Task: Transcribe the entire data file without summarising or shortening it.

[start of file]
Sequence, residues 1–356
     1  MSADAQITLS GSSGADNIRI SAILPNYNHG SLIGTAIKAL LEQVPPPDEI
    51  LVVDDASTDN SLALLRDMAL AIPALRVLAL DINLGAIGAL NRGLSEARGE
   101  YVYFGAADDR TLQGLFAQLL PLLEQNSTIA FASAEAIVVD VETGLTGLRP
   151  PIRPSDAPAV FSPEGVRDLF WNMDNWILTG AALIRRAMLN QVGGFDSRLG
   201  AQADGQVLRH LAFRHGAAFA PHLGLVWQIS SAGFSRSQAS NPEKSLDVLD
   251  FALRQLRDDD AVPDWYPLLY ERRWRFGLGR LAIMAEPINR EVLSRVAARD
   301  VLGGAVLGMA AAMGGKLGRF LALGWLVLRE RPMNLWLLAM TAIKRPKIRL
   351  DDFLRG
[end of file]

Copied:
Sequence, residues 1–356
     1  MSADAQITLS GSSGADNIRI SAILPNYNHG SLIGTAIKAL LEQVPPPDEI
    51  LVVDDASTDN SLALLRDMAL AIPALRVLAL DINLGAIGAL NRGLSEARGE
   101  YVYFGAADDR TLQGLFAQLL PLLEQNSTIA FASAEAIVVD VETGLTGLRP
   151  PIRPSDAPAV FSPEGVRDLF WNMDNWILTG AALIRRAMLN QVGGFDSRLG
   201  AQADGQVLRH LAFRHGAAFA PHLGLVWQIS SAGFSRSQAS NPEKSLDVLD
   251  FALRQLRDDD AVPDWYPLLY ERRWRFGLGR LAIMAEPINR EVLSRVAARD
   301  VLGGAVLGMA AAMGGKLGRF LALGWLVLRE RPMNLWLLAM TAIKRPKIRL
   351  DDFLRG